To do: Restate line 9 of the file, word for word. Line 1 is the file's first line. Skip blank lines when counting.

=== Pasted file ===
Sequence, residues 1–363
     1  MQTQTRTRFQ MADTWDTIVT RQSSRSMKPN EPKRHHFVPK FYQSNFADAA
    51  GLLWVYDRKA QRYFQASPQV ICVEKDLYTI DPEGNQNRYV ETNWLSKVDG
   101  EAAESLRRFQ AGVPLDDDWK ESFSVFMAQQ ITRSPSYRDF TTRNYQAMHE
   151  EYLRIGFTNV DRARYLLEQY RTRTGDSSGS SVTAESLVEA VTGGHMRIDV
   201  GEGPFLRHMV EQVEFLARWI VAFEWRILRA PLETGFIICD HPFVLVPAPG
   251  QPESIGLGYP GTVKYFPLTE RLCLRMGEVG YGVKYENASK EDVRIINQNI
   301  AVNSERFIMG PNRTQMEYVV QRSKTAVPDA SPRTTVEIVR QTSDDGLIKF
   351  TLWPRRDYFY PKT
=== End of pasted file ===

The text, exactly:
   351  TLWPRRDYFY PKT